An anatase type titania powder of 20 to 80 meshes, 2 grams were housed in a quartz reaction tube 7 having a capacity of 200 ml. After the system interior was vacuumed by a vacuum pump, plasma was generated by a Tesla coil while electromagnetic wave (2.45 GHz) was radiated at 400 W. A CH4 1% and H2 mixed gas, which was adjusted as to flow with a flow amount of 30 ml/min by a mass flowmeter as to have a prescribed mixing ratio, was introduced to create a pressure of 1 Torr, and the quartz reaction tube 7 was treated for one hour while rotated at 70 rpm. The spectrum of the generated plasma indicated production of highly active decomposed products, —CH. A powder whose surface only became gray was obtained after this treatment. It was confirmed through a fluorescent X-ray that chrome and vanadium were doped in the original anatase type titania powder.

FIG. 3 shows a bond energy spectrum of specimens subjected to the plasma treatment as well as to not subjected to the treatment, obtained by an X ray photoelectron spectroscopy (XPS). The X ray photoelectron spectroscopic apparatus used here was ULVAC Phi Model 1558up (X ray souce, MgKα, incident angle 30°). As a result, it was confirmed that titanium carbide, in addition to titania, was formed on the titania surface by the plasma treatment. An amount of the supported TiC was shown in which a peak height at 455 eV belonging to TiC was 25 where a peak height at 458.5 eV for bound energy of Ti2p3/2 was 100 in the above spectrum.

FIG. 4 shows a spectrum of specimens subjected to the plasma treatment, not subjected to the treatment, a hydrogen reduction treatment as a comparative reference (H2 30 ml/min, 400° C., one hour) obtained from a Raman spectroscopy. The Raman spectroscopic apparatus used here was System 2000, Perkin Elmer Co. Ltd., NIR-FT Raman. As a result, with respect to the specimen not subjected to the treatment, a Raman absorption of 0 to 1000 cm−1 belonging to the TiO stretching vibration and the O—Ti—O bending vibration was observed, and with respect to the specimens subjected to the hydrogen reduction treatment and the plasma treatment, the same absorption was reduced greatly. The Raman absorption of 0 to 1000 cm−1 belonging to the TiO stretching vibration and the O—Ti—O bending vibration was stable on the time basis (no change after storage in air for six months) with respect to the specimens subjecting to the plasma treatment, but with respect to a specimen subjected to the hydrogen reduction treatment, there was a tendency to return to the original peak upon quick change as time passes, and where left in air for a day, the specimen had a peak of about 50% of that of the specimen not subjected to the treatment. The specimen treated in plasma was observed with a Raman absorption of 3000 to 3500 cm−1, whereas the same absorption was not observed in the specimen subjected to the hydrogen reduction treatment.

Examples 2 to 4

An anatase type titania powder was treated in plasma in the same manner as in Example 1 except the electromagnetic wave was changed at 200 W(Example 2), 300 W(Example 3), and 500 W(Example 4), and powders were obtained whose surface only turned into gray.

The follow table shows the TiC supported amounts obtained through the XPS spectrum.

TABLE 1
TiC Supported
Example Electromagnetic Peak Height at 458.5 Amount at Peak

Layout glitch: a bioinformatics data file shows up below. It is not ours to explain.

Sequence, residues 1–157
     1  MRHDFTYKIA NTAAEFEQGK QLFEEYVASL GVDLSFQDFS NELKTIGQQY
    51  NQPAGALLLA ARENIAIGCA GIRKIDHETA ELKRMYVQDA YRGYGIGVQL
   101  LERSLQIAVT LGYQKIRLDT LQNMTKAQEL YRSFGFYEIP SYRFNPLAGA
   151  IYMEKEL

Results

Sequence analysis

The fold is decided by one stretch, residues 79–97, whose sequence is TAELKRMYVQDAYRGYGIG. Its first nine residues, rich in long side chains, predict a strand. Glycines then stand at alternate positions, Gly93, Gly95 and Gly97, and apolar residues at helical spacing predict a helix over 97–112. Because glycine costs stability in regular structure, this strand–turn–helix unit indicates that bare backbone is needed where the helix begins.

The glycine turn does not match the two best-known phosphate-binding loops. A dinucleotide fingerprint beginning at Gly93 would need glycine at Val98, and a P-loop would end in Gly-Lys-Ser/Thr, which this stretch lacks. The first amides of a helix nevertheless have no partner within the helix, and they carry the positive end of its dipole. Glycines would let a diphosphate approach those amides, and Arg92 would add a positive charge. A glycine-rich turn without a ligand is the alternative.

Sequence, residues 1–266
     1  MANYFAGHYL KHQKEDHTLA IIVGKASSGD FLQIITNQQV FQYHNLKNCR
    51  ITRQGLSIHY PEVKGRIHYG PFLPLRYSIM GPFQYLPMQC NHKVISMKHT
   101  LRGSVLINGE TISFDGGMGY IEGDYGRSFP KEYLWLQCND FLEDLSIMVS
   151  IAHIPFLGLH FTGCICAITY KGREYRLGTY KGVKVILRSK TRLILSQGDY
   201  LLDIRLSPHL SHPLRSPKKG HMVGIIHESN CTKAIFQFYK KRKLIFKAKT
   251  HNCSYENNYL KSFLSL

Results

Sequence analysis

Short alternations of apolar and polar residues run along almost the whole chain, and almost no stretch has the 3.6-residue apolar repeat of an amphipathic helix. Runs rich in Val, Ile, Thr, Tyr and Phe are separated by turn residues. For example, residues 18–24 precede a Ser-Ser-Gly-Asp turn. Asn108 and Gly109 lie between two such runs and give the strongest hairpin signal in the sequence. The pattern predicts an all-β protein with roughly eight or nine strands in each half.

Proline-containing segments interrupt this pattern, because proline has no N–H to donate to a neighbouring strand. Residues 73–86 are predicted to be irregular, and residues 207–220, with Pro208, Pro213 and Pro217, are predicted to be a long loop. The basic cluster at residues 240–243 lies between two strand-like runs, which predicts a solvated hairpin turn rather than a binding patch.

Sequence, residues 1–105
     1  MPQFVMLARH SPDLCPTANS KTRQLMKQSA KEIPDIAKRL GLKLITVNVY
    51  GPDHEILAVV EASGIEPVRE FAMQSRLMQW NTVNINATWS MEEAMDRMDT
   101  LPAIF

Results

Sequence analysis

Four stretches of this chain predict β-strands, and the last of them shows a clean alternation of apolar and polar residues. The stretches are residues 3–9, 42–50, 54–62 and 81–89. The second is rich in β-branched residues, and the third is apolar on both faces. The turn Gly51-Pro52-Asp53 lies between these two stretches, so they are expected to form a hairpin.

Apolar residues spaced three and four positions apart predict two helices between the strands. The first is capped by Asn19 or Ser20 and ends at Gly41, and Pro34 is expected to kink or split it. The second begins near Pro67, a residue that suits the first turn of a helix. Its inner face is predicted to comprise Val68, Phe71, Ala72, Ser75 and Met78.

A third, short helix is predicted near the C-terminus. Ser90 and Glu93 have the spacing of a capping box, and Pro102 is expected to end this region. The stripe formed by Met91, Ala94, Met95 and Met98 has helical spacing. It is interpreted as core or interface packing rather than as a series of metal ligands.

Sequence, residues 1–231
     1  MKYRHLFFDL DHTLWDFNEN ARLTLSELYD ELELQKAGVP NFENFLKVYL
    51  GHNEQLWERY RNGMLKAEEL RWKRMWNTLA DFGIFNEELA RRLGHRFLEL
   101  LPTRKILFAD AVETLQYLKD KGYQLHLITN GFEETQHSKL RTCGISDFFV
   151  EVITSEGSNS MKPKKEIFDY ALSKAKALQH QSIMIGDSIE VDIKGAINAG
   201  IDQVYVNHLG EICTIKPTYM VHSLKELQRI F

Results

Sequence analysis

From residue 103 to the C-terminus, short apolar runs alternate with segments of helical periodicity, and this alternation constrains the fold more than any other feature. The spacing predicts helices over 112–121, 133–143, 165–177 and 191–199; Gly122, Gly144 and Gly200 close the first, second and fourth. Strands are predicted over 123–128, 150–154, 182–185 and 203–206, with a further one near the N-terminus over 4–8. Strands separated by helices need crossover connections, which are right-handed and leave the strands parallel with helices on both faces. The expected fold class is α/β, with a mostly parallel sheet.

No. Wave Output eV Height at 455 eV
2 200 W 100 4.0
3 300 W 100 12
1 400 W 100 25
4 500 W 100 37

The powders obtained in Examples 1 to 4 were examined through a DTA-TGA analysis. A heat generation in a region exceeding 700° C. in the differential thermal analysis (DTA), through slight, was observed in the specimen of Example 2, the heat generation peaks per unit weight of the specimen became larger in the order of Example 3, Example 1, and Example 4. Increased weight at a temperature exceeding 500° C. in the thermal gravimetric analysis (TGA) was slight in Example 2 but was observed to become larger per unit weight of the specimen in the order of Example 3, Example 1, and Example 4.

Example 5

(Preparation of a Photocatalyst Unit, Vol. 1)

The photocatalyst obtained in Example 1 was made in a paste form with methanol, and this paste was coated on a glass substrate of 60×60 mm in an amount corresponding to 0.2 g of the photocatalyst and heated for one hour in an electric furnace at 300° C. (in air atmosphere) to obtain a photocatalyst unit of the invention.

Example 6

(Decomposition Test of Formaldehyde by Visible Light)

A glass made bell jar type reaction apparatus (having a volume of 1.9 liters) was used; the inside of the system was agitated by a fan; the substrate temperature of the photocatalyst unit produced in Example 5 was kept at 30° C. by a heater. A halogen lamp (Toshiba Litec Co. Ltd made, Neroharo-cool-minisoft (tradename)) cutting off ultraviolet ray was used as a light source, and light in a wavelength range of 400 to 800 nm through a glass filter (Toshiba Litec Co. Ltd made, IRA-25S) cutting off heat ray was radiated.

After the system interior was sufficiently vacuumed, formaldehyde was brought in the reaction apparatus, and a reaction gas having a prescribed concentration (250 ppm) was made. After the formaldehyde reached absorption equilibrium, light radiation began. The reaction gas was analyzed by gas chromatography (FID) upon passing through a methanizer. FIG. 5 shows relation between light radiation period and formaldehyde concentration. In FIG. 5, each black triangle denotes the results of this Example. This shows that the formaldehyde concentration reduces as time for light radiation passes, and it was turned out that the formaldehyde was decomposed by a function of the photocatalyst of the invention.